March 16, 2017

"'Missing Richard Simmons' speaks to both the possibilities and the limits of the emerging prestige podcast form."

"Many of the podcast’s tropes — the mystery framing, the crowdsourcing of clues from the audience and a format that focuses on the narrator as much as his subject — are borrowed directly from 'Serial.' By turning a journalist into a friend and casting a man’s personal life as a mystery, 'Missing Richard Simmons' has retooled the stale Hollywood documentary as an addictive media sensation. But it’s also turned it into a morally suspect exercise: An invasion of privacy masquerading as a love letter. Mr. Simmons is a public figure, and that gives journalists a lot of latitude to pry. But a friend who claims to want to help Mr. Simmons should probably just leave him alone."

Writes Amanda Hess in "'Missing Richard Simmons,' the Morally Suspect Podcast" at the NYT.

I've listened to all the as-yet available episodes of "Missing Richard Simmons" and I'm not so negative about it. I think the podcaster, Dan Taberski, continually examines the morality of his project and exhibits kindness and empathy toward Simmons. The podcast has greatly increased my respect and good feeling toward Simmons — to the point where I could even suspect Taberski of being in cahoots with Simmons in some extremely clever PR project. Simmons has spent decades promoting himself one way or another. Why wouldn't he retool his fame like this?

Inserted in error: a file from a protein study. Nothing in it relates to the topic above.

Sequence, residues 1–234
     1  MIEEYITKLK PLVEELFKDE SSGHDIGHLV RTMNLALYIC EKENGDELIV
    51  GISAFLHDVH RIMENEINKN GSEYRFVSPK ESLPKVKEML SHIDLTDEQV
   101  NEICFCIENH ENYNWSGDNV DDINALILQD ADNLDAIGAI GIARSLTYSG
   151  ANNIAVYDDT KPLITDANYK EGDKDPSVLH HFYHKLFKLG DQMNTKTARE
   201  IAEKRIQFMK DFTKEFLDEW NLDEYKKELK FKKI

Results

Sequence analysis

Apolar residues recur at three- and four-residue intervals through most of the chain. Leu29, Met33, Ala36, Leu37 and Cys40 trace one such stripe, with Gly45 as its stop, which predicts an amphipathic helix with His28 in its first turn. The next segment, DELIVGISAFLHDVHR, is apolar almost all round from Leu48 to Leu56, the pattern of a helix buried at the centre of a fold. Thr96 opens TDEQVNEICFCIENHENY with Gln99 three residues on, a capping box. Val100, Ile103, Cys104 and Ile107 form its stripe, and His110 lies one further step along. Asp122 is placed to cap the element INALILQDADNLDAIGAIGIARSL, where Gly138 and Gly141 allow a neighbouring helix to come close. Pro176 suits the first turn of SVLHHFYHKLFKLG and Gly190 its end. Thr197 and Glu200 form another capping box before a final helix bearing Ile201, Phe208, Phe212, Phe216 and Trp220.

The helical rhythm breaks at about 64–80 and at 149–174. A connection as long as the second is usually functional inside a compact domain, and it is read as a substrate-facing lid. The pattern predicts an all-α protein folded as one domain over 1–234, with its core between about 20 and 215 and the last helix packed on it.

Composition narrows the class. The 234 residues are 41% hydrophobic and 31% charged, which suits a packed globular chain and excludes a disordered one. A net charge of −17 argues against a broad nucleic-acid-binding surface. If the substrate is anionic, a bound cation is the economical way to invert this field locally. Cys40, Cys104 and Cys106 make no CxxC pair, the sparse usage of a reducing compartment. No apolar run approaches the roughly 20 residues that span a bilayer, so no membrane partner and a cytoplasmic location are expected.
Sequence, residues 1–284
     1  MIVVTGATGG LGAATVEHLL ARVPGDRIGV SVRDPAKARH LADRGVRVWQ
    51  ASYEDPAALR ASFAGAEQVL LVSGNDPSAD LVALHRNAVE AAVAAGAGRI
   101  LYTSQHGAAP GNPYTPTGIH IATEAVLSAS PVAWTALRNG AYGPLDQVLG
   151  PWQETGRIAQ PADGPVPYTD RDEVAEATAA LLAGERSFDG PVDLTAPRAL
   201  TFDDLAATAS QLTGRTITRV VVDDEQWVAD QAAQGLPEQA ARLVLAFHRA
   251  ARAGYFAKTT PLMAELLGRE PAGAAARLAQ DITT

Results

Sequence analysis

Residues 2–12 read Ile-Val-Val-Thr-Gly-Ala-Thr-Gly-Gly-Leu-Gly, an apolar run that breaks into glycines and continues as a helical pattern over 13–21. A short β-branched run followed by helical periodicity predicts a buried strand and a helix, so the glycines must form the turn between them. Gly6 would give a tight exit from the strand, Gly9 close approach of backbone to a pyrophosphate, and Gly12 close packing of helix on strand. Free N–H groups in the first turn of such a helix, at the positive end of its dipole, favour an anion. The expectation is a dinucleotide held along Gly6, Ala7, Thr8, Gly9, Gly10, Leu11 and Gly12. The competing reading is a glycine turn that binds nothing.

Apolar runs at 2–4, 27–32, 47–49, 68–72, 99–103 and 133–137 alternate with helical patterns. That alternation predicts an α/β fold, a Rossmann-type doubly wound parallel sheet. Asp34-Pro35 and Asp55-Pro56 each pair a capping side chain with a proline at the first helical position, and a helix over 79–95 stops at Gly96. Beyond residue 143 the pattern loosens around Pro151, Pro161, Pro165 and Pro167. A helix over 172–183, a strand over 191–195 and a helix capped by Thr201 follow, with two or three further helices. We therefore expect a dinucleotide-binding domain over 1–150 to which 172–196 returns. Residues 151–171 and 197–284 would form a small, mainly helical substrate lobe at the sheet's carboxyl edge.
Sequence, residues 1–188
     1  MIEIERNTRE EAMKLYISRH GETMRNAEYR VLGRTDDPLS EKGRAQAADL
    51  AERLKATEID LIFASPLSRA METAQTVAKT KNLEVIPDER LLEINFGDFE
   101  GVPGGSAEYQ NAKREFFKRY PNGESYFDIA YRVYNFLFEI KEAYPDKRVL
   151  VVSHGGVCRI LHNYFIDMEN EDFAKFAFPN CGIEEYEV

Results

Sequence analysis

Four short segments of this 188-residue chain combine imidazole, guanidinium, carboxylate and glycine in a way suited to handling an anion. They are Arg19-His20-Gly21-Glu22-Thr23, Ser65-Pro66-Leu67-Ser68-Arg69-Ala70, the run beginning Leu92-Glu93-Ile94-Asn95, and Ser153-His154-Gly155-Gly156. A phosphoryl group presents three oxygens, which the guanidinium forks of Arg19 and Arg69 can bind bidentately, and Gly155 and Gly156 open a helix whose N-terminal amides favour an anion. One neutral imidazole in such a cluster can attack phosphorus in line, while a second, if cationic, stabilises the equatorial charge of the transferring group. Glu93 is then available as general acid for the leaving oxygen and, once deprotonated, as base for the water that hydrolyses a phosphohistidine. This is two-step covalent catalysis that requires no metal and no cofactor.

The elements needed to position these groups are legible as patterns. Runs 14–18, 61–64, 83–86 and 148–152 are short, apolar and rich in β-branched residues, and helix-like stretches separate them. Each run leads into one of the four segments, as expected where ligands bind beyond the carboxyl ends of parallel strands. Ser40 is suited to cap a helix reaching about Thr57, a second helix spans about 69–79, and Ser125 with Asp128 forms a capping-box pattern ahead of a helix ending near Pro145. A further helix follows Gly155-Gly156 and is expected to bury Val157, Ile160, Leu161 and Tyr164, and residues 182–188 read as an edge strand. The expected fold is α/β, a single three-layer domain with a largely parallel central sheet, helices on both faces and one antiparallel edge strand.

I guess I should send my theory in for Taberski to examine. It could be whole episode!

6 comments:

Gahrie said...

I can't wait to see how Chuckles turns this post into an attack on Trump.......

Jason said...

Amanda Hess recently wrote a lengthy piece about how to avoid falling into an information bubble.

I found a whole bunch of non-libs she has blocked on Twitter.

William said...

Not much interest in Richard Simmons here. Perhaps he should speak out more on politics. Properly played, he could take up the slack on Lena Dunham's slow days.

robother said...

With all due respect for MST3K, this is the Golden Age of stalking.

mr said...

I also have listened to all the publicly-available podcasts, and have come to many of the same conclusions as our hostess. My opinion of Richard Simmons has gone from "I remember that weirdo" to "What a really interesting, sweet guy." I think that Taberski has done a terrific job of maintaining the suspense of this mystery, presenting the rather odd cast of characters who people Simmons's life with empathy and wit.

Sammy Finkelman said...

Simmons is behind this podcast the way Donald Trump leaked the first two pages of his 2005 tax return.